Abraham Lincoln

Ken and Robin Consume Media: Animals, Real and Imaginary

February 27th, 2018 | Robin

Ken and Robin Consume Media is brought to you by the discriminating and good-looking backers of the Ken and Robin Talk About Stuff Patreon. Each week we provide capsule reviews of the books, movies, TV seasons and more we cram into our hyper-analytical sensoriums. Join the Patreon to help pick the items we’ll talk about in greater depth on a little podcast segment we like to call Tell Me More.


Black Panther (Film, US, Ryan Coogler, 2018) As T’Challa (Chadwick Boseman) ascends to the throne of Wakanda, a reckoning with paternal sins awaits him in the form of insurrection-minded ex-special forces soldier Erik Killmonger (Michael B. Jordan.) Freed from the constraints of the origin story structure, this seamless blend of Bond flick, Arthurian intrigue and Afrocentric social consciousness sings from start to finish.—RDL

Happy! Season 1 (Television, US, Brian Taylor & Grant Morrison, SYFY, 2016-2017) Degenerate ex-cop (Christopher Meloni, in a performance melding the Bad Lieutenant with Wile E. Coyote) searches for his kidnapped daughter, aided by her imaginary friend, the titular blue flying cartoon unicorn (voiced by Patton Oswalt.) Hyperviolent supernatural action comedy delivers the twisted midnight movie sensibility you’d expect from a team-up between Morrison and half of the Crank team. I’m not saying this is the  Unknown Armies TV show, but it sure could be happening in that universe.—RDL

Three Billboards outside Ebbing, Missouri (Film, UK/US, 2017) Rage-filled gift shop clerk (Frances McDormand) riles her small town by buying the titular ad space to spur a stalled investigation into her daughter’s murder. Tricky anti-fable of revenge and vigilantism that encourages the viewer to misread it, aided by the chasm between the moral authority of McDormand’s performance and everything we see her character do.—RDL

Planet Earth II (Television, BBC, 2016) Stunningly photographed animals across five key habitat types struggle to mate, protect offspring, eat and avoid being eaten. As rich with artifice and convention as any baroque opera, this natural history extravaganza, granted emotional weight by another gloriously quavery David Attenborough vocal performance, sumptuously rewards an interest in wildlife and in the capabilities of one’s 4K television.—RDL


The Art of Choosing (Nonfiction, Sheena Iyengar, 2010) Social psychologist rounds up research, including her own, into the human (and pre-human) decision-making process. Although I would have preferred more treatment of the key experiments themselves and less of the cultural references and general discussion meant to make them accessible, they nonetheless offer considerable fodder for extrapolation for any designer or theorist of games.—RDL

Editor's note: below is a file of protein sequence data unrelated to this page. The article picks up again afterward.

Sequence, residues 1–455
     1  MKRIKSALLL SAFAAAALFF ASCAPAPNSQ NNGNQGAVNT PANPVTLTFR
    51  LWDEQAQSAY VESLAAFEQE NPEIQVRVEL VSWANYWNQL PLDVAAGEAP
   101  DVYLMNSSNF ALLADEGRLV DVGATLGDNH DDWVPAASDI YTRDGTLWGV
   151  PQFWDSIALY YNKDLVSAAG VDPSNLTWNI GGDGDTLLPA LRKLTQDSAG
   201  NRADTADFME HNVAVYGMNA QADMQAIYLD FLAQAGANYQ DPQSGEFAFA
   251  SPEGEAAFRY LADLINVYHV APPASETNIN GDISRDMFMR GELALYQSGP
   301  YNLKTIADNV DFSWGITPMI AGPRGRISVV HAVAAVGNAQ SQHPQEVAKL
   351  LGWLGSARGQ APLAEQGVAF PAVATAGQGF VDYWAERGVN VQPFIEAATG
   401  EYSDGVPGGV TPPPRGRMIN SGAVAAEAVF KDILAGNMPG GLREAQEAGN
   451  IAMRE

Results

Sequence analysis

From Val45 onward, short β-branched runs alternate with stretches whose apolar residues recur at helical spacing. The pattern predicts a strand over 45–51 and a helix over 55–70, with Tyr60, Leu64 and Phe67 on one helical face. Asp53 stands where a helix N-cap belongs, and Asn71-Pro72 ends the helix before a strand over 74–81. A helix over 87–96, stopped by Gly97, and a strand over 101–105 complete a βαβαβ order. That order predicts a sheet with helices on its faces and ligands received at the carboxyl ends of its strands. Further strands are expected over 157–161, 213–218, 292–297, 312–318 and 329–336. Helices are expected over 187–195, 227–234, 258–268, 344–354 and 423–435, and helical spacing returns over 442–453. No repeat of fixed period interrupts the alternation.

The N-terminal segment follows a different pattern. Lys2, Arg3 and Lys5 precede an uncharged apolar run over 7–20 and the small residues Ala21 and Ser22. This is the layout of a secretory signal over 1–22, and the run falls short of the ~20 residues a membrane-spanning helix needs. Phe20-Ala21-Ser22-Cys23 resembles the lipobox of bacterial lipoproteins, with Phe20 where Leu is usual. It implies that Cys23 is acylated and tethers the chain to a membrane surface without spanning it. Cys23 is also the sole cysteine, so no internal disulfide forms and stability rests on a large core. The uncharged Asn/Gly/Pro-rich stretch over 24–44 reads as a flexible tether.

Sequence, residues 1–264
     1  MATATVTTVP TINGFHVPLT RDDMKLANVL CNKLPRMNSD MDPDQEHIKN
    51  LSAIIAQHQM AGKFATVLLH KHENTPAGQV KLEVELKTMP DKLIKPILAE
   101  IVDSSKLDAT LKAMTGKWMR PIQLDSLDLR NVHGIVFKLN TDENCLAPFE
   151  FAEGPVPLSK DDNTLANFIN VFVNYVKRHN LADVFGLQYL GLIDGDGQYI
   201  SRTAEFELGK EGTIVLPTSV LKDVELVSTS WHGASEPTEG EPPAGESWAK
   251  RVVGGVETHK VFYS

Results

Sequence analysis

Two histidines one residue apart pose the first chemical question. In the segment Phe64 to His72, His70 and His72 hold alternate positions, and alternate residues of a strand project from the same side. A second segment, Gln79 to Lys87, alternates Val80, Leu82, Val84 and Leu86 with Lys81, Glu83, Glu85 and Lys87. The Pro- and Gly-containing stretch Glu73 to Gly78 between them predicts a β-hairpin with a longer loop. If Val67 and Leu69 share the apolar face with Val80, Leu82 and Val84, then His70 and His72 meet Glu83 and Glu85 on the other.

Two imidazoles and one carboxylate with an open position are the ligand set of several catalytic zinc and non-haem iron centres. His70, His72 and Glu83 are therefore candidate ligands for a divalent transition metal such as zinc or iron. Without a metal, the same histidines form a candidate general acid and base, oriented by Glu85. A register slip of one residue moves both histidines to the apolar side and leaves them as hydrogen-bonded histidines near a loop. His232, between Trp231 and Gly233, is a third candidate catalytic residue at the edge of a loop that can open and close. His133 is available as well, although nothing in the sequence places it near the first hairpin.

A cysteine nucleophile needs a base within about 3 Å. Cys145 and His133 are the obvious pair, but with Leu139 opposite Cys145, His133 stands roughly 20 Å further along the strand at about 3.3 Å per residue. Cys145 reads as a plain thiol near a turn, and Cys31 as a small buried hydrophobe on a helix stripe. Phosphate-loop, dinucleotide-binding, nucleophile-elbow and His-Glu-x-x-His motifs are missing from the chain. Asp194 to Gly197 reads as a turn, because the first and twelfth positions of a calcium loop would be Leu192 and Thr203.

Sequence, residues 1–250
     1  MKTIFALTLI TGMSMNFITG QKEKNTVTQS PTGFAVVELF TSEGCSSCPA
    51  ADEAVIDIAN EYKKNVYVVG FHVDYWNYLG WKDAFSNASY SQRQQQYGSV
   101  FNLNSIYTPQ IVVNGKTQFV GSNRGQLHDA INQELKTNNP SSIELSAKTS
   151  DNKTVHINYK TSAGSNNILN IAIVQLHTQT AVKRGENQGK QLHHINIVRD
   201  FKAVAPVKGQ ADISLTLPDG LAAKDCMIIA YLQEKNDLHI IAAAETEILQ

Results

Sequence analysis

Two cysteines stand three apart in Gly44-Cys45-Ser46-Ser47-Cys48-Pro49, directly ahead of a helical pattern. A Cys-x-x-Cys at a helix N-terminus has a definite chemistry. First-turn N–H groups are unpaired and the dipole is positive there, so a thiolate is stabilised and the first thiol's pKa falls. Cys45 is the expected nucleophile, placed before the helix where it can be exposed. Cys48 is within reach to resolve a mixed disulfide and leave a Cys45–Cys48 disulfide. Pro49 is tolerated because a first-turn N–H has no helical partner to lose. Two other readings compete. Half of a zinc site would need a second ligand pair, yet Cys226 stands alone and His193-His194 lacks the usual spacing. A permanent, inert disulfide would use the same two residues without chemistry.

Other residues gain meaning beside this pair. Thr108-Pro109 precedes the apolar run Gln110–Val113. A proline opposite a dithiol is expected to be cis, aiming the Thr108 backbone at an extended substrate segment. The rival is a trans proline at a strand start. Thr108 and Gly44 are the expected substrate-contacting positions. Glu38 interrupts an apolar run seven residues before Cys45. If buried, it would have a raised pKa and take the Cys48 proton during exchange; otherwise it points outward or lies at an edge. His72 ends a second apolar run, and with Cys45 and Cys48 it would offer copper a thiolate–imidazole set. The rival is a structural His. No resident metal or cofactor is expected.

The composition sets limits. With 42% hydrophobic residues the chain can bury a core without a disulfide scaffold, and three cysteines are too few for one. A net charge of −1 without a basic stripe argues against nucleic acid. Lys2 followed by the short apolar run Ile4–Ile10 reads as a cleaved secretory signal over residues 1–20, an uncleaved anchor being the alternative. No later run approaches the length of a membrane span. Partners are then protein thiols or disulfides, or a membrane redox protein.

Holidays in Heck (Nonfiction, P.J. O’Rourke, 2011) Inviting unflattering comparison to his 1989 gonzo tour de force Holidays in Hell, this essay collection puts former war correspondent O’Rourke on the “civilian travels with mostly family” circuit, with dampening effects on his humor. O’Rourke can’t summon the Menckenesque vitriol for mere liberals that he once did for Communists, although the gentler half of his humor (fondness for regular people) comes through still. The best of the pieces concerns a horseback trip through Kyrgyzstan, but like that trip it’s a long ride to the top. –KH

Jason Bourne (Film, US, Paul Greengrass, 2016) Whistleblowing effort by past ally Nikki Parsons (Julia Stiles) draws Bourne (Matt Damon) out of hiding and into the crosshairs of an ambitious new CIA pursuer (Alicia Vikander.) A spirit of pro forma cooperation with studio entreaties prevails over this unnecessary sequel. Enlivened by Tommy Lee Jones’ gratifying decision not to phone in his boilerplate role as a ruthless CIA director.—RDL

The Prisoner Handbook (Nonfiction, Steven Paul Davies, 2002) In a better world, we would be drowning in memoirs and oral histories of the greatest show in television history, but in this one we get excerpts from a few interesting interviews embedded in a by-the-numbers recap of the series and its themes and rather too much information about its fan club. –KH

The Whip and the Body (Film, Italy, Mario Bava, 1963) The arrival of a disinherited, sadistic nobleman (Christopher Lee) at his gloomy ancestral manor leads to murder and a haunting. Banned or cut in most territories due to its overt S&M content, this never quite captures the eerie mood that characterizes either the director’s  top work, or the best entries in the 60s gothic horror cycle. Shot MOS and dubbed, with another actor voicing Lee’s performance.—RDL

One Response to “Ken and Robin Consume Media: Animals, Real and Imaginary”

  1. Benjamin Davis says:

    Of course it’s not THE Unknown Armies TV show; we already have The Lost Room.

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